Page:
Organic cotton also presents its own issues. On the one hand, it significantly reduces pesticide and insecticide use, but it also requires the use of up to 30% more water than conventionally grown cotton. Many major brands have promoted the cultivation of regenerative cotton instead, utilizing cover crops to reduce water evaporation, enhance soil health, and eliminate tilling and weeding.

Hemp is growing in popularity in fashion due to its reduced impact on the environment and health benefits for wearers. We believe hemp to be the best option to promote sustainable fashion for the future, and we are actively finding new ways to help provide our customers with high-quality hemp fabric for their clothing needs. Yet since it is still in its infant development stage and not ready for mass production, hemp is expensive and has limited capacity/availability.

Increasing Sustainability in Fashion Starts at the Source

Decreasing the fashion industry’s environmental impact isn’t a change we can make overnight. Instead, it is up to all of us to make changes where we can to reduce our footprint when we can.

At Dominisii, we understand the need for quality clothing and the importance of reducing our carbon footprint. Producing clothing for our potential customers that is ecologically and socially responsible is something that matters to us. We offer and emphasize utilizing sustainable practices in our product development cycle that secure a future for the planet, not just life on land but below the water.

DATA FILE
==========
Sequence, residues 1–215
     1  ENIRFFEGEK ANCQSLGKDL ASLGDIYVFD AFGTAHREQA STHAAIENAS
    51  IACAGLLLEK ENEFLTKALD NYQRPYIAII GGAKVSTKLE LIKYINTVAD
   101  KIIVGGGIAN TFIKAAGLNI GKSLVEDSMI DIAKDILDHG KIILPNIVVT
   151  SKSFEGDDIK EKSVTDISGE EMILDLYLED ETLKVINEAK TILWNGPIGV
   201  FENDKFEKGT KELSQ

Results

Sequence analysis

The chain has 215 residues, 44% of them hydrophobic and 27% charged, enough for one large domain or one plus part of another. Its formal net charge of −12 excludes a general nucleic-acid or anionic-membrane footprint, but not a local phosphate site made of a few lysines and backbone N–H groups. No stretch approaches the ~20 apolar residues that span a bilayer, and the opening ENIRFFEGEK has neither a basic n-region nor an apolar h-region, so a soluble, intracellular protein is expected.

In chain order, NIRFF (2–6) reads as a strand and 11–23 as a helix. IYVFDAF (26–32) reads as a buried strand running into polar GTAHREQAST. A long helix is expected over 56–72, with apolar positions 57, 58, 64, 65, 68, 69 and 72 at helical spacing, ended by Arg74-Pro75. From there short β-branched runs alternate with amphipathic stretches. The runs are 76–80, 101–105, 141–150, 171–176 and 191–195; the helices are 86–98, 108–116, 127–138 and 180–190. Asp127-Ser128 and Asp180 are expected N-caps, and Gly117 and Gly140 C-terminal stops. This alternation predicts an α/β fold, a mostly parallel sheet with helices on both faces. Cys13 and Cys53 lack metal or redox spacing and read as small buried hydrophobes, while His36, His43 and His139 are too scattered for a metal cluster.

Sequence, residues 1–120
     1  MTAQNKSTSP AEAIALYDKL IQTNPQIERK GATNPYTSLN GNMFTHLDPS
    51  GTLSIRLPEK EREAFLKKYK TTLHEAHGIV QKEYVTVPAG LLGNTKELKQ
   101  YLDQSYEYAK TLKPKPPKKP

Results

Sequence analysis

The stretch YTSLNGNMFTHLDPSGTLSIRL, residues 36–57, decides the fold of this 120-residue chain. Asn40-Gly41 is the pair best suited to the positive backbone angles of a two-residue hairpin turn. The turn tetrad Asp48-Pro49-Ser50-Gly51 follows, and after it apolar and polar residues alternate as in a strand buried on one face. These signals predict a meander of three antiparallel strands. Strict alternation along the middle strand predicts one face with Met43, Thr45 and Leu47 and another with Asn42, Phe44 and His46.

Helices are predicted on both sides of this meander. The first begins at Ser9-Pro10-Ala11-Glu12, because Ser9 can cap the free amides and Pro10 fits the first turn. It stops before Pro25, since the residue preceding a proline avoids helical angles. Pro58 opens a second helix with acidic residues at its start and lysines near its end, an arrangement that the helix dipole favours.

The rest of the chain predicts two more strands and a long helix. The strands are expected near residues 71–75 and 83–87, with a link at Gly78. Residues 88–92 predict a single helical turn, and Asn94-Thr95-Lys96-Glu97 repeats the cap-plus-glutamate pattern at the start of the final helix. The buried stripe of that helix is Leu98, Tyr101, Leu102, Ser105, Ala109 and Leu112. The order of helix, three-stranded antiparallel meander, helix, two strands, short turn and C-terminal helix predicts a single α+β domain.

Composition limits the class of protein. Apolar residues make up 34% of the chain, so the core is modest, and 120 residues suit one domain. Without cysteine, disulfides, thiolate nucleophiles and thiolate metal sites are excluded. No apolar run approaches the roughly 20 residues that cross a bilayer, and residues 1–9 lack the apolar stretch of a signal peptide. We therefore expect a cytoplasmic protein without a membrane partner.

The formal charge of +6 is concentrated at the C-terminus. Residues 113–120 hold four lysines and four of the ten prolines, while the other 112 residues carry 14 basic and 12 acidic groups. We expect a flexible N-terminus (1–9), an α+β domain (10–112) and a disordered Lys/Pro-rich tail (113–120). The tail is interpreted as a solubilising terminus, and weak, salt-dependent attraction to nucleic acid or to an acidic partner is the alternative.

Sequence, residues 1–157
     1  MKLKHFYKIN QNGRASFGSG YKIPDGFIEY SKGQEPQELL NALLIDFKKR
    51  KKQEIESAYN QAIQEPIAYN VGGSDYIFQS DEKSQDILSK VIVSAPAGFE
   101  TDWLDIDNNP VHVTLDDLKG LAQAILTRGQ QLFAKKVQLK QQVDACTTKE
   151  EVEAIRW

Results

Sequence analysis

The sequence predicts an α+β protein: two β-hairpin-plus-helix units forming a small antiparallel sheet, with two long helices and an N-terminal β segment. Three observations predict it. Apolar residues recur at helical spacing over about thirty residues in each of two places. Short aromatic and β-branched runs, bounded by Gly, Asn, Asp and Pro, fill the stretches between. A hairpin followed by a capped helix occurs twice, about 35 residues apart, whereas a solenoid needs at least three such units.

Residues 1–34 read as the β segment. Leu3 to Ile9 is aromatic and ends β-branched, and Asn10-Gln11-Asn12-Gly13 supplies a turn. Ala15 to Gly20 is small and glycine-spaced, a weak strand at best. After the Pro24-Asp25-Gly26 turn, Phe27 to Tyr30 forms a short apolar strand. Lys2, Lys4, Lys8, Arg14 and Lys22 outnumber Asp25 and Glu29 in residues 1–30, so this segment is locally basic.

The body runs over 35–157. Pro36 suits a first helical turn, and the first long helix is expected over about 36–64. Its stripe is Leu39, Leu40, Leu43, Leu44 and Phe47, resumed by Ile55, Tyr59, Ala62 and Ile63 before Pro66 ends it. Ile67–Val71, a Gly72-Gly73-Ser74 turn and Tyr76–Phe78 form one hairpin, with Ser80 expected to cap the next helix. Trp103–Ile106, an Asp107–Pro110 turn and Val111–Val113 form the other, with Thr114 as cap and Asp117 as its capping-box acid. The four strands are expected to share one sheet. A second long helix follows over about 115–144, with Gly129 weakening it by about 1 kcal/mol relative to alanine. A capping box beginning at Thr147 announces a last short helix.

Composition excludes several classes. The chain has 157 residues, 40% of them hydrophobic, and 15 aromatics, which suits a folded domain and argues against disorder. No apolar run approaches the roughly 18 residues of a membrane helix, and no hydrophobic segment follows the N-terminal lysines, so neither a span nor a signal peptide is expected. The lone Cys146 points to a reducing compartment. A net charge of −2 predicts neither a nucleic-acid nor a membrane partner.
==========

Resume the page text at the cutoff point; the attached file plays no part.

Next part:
By utilizing state-of-the-art product design, as well as recycled, sustainable, and deadstock fabrics, we can help our potential customers to produce environmentally conscious clothing for everyday fashion, medical industry wear, and more.

Contact us today if your company is interested in learning more about how we promote sustainability in our fashion.